It’s difficult to start thinking of hidden object games that have been released on mobile devices, because it’s actually very hard to come up with many examples. Well, Wooga is about to change that with the release of Agent Alice.
The main character is none other than Agent Alice who keeps getting herself involved in unusual situations. As the game starts, she is finding out the reason behind the disappearance of someone important. Even after playing it briefly, it’s clear that Agent Alice has a hankering for getting herself in all sorts of trouble.
As for the game itself, most of it is spent trying to find hidden objects within each of the rooms being investigated. Those eager for a challenge can try to find all objects quickly before a bar on the top of the screen runs out.
There’s a few other quirky ideas that made for welcome distractions in between all the hidden object finding fun. One such idea consisted of tapping a gun reticule just as a dot moves inside it to shoot a bad guy. It might not seem like much, but it’s ideas like this that made Agent Alice stand out.
Playing a game like Agent Alice with a touch screen is a completely different experience. No more trying to look for that pesky mouse cursor or clicking on the wrong section of the room by accident. Instead, rooms are designed with different screen resolutions in mind. The objects are cleverly hidden and yet they are just about the right size to make sure touching them will not result in accidentally touching nearby objects.
Not only is there a proper story told in between the various levels, it also makes use of a clever idea. Whilst interacting with other characters, there are points where it’s possible to choose different ways to interrogate them. In a move that would make RPGs such as Mass Effect proud, the character’s way of interrogating suspects changes completely if choosing a polite or aggressive style. It’s almost impossible not to choose the aggressive option since it seemed to usually turn the dialogue into something worthy of a soap opera.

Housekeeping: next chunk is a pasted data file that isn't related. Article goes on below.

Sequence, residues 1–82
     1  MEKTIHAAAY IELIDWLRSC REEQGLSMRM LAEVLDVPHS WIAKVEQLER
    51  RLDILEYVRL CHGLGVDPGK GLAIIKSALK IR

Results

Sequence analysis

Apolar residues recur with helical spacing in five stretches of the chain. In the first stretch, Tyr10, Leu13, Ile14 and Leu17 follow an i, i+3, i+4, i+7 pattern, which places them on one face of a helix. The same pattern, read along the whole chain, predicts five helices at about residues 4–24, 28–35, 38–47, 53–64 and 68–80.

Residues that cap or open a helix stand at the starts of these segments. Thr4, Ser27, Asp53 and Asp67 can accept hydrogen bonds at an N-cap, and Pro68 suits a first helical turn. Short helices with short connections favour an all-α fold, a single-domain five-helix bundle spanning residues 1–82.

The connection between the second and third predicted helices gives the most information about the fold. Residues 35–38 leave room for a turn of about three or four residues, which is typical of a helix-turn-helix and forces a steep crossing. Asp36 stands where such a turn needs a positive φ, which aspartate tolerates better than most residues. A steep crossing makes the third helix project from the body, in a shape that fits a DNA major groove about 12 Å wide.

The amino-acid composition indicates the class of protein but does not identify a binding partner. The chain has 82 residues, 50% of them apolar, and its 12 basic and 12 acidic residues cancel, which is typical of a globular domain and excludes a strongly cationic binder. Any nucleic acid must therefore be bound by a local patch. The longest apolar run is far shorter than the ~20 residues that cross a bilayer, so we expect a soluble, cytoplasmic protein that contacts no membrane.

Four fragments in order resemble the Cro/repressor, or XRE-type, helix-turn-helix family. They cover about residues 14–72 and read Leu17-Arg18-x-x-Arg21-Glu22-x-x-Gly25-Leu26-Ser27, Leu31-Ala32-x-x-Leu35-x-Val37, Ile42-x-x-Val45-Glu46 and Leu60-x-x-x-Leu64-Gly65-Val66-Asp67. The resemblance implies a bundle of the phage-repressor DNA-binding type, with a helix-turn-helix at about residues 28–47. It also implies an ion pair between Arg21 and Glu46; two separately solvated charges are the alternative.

The dialogue itself seemed fine and ended up being quite snappy on a few occasions. There was the odd joke that probably made better sense when thought of in the source language. Despite this, the dialogue did a decent job of moving the story forward.
Those concerned that a hidden objects game would not work so well on a smaller screen can relax. As already mentioned, it was actually a lot simpler to find objects in this touch screen adaptation of a popular browser pastime.
Although, sometimes it feels like the rooms are not as cluttered with objects as they usually are on browser versions of games like this. But this is most likely due to only playing a few of the early levels. Despite this, the environments showcased in the couple of levels played were very nice. The art style for Agent Alice is reminiscent of classics like Broken Sword.
For a mobile device, the animations which progress the story are actually quite impressive. There’s even a few moments where moving animations are used. It’s certainly a sign that mobile gaming has come a long way and that it is only getting better with each new wave of devices.
It seemed like Agent Alice already came with a decent amount of content, but there are plans to release downloadable content on a regular basis. Not only that, but all post launch content will remain free. It’s reassuring to know that Wooga has a good track record of supporting other games by releasing downloadable content long after they have launched.
Time spent with Agent Alice was certainly interesting and it seemed like a title that could work really well when played it on the go.